are experiencing a revival in market interest, in no small part thanks to Google’s promise to bring Android apps to the platform. Given that renewed uptake, it is probably high time that Chromebook makers update their wares to modern standards. Acer’s new Chromebook R 13, for example, is trying to take on the tablet and convertible laptop market. Based on some commits to Chromium, on which Chrome and Chrome OS are built upon, upcoming Chromebooks could also start supporting stronger security measures, including support for fingerprint scanners.
Fingerprint scanners are nothing new. In fact, they’ve become so commonplace that it’s more surprising to not see them in devices. They are mostly found on smartphones and tablets but even some Windows laptops are starting to feature them as well. Soon, even the MacBook Pro might be joining the party, followed by the next Chromebooks.
Considering how Google sells Chromebooks as devices for schools and workplaces, it’s quite odd that security measures like these are only coming to the platform now. In fact, it was only last month that support for unlocking via PIN codes was sighted in Chrome OS source code. Biometrics, especially fingerprints, add another layer of security and convenience.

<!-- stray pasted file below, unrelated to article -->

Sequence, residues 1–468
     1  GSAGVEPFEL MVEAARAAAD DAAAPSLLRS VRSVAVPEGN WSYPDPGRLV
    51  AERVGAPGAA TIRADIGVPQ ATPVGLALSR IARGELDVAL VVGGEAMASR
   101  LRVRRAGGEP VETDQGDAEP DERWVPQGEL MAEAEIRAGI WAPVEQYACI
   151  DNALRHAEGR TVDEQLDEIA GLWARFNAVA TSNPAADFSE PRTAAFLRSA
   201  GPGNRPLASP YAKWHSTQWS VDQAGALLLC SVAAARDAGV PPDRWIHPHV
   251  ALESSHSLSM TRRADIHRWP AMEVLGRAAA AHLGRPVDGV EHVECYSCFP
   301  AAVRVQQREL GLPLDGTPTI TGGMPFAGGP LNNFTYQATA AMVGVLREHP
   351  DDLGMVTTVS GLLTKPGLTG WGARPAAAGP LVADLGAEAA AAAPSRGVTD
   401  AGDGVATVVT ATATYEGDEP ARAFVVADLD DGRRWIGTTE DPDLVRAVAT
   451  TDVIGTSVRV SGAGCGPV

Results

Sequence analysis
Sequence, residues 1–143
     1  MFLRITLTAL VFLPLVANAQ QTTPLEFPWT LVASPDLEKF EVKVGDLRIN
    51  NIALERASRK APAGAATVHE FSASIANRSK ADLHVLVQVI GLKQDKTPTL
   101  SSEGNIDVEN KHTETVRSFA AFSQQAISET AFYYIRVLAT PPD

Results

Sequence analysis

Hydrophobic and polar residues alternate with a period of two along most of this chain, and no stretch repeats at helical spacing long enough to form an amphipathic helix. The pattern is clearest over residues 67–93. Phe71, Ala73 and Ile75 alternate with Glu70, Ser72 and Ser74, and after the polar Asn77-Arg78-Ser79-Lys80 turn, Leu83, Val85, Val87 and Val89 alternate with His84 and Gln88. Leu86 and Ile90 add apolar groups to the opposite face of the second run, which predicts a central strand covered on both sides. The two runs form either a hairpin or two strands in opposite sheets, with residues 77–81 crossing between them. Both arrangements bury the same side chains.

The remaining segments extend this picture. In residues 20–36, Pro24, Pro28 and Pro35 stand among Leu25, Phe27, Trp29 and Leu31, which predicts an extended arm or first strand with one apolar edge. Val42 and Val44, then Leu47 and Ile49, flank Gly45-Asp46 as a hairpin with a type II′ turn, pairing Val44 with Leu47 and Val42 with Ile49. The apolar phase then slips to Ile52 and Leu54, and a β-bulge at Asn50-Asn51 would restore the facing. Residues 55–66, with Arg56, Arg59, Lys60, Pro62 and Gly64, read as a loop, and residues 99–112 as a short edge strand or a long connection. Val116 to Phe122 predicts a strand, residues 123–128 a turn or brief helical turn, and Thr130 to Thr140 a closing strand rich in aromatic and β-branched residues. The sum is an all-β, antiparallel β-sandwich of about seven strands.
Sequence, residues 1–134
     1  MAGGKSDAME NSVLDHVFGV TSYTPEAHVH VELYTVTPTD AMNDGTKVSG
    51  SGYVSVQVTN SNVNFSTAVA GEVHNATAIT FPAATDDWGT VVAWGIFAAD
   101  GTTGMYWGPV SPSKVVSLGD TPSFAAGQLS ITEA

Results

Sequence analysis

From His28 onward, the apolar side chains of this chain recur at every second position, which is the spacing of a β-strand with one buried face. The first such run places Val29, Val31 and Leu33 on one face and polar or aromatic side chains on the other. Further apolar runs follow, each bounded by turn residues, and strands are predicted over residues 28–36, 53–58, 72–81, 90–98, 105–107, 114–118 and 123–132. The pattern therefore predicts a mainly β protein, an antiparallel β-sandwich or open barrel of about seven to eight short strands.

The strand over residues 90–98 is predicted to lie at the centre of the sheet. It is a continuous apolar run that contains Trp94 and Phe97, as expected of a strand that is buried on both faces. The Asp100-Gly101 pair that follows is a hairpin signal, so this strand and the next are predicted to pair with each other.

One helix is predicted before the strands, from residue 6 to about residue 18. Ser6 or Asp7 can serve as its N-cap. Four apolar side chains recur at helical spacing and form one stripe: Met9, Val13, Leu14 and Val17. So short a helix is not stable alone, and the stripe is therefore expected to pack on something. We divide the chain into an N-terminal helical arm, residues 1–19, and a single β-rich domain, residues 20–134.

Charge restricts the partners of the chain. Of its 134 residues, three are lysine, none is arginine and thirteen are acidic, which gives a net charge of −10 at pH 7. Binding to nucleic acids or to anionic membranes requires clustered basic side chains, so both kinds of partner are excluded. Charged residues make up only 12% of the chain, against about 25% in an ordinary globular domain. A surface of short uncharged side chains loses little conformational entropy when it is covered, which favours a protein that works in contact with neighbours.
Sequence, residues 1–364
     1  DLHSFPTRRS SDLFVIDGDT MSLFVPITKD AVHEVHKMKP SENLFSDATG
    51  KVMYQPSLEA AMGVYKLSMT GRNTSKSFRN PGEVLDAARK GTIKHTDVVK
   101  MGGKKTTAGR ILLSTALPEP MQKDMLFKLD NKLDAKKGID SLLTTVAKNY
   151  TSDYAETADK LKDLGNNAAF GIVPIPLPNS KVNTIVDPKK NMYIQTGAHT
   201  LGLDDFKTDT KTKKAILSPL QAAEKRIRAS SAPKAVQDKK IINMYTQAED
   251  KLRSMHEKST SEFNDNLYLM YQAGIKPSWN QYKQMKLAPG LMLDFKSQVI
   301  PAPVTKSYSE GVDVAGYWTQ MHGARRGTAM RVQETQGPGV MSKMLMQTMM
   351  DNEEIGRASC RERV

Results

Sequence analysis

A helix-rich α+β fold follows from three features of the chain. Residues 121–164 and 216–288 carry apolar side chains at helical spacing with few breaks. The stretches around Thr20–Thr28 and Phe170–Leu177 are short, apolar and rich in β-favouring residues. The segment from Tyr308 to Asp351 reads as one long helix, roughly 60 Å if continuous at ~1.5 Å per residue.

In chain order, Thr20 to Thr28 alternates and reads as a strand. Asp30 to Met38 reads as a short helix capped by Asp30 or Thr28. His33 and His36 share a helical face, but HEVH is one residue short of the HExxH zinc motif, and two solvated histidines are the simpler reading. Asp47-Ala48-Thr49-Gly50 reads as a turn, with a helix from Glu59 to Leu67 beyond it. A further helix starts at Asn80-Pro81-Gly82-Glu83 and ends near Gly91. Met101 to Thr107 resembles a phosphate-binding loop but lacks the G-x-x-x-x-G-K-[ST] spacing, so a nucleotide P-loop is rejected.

Of course, that depends on whether manufacturers support the OS feature with appropriate hardware. Given how Chromebooks are usually designed to be low-cost devices, piling up features like fingerprint scanners could go beyond the budget. Then again, there are add-ons like Synaptics’ USB fingerprint scanner that could offer the functionality after the fact, provided it supports the OS, and vice versa.
Chromebooks are getting a resurgence, ironically with help from Android. Believed by some to eventually take the place of Android tablets, Chromebook makers and Chrome OS developers will need to step up the game, and quickly, to fill in those shoes.
VIA: Chrome Unboxed